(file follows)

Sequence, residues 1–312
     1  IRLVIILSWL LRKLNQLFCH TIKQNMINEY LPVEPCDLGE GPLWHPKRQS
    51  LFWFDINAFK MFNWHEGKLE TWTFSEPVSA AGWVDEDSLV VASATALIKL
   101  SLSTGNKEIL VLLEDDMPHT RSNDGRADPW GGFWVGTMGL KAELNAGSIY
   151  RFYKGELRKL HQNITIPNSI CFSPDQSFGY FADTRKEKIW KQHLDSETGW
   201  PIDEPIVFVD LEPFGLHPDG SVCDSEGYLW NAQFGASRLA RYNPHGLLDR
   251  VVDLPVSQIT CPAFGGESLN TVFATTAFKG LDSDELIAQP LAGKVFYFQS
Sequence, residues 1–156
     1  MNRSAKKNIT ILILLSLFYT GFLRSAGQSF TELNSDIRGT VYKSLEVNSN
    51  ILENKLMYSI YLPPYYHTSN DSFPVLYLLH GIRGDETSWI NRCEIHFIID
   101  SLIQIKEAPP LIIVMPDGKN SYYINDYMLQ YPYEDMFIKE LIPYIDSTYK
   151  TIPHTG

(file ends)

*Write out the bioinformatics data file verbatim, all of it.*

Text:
Sequence, residues 1–312
     1  IRLVIILSWL LRKLNQLFCH TIKQNMINEY LPVEPCDLGE GPLWHPKRQS
    51  LFWFDINAFK MFNWHEGKLE TWTFSEPVSA AGWVDEDSLV VASATALIKL
   101  SLSTGNKEIL VLLEDDMPHT RSNDGRADPW GGFWVGTMGL KAELNAGSIY
   151  RFYKGELRKL HQNITIPNSI CFSPDQSFGY FADTRKEKIW KQHLDSETGW
   201  PIDEPIVFVD LEPFGLHPDG SVCDSEGYLW NAQFGASRLA RYNPHGLLDR
   251  VVDLPVSQIT CPAFGGESLN TVFATTAFKG LDSDELIAQP LAGKVFYFQS
Sequence, residues 1–156
     1  MNRSAKKNIT ILILLSLFYT GFLRSAGQSF TELNSDIRGT VYKSLEVNSN
    51  ILENKLMYSI YLPPYYHTSN DSFPVLYLLH GIRGDETSWI NRCEIHFIID
   101  SLIQIKEAPP LIIVMPDGKN SYYINDYMLQ YPYEDMFIKE LIPYIDSTYK
   151  TIPHTG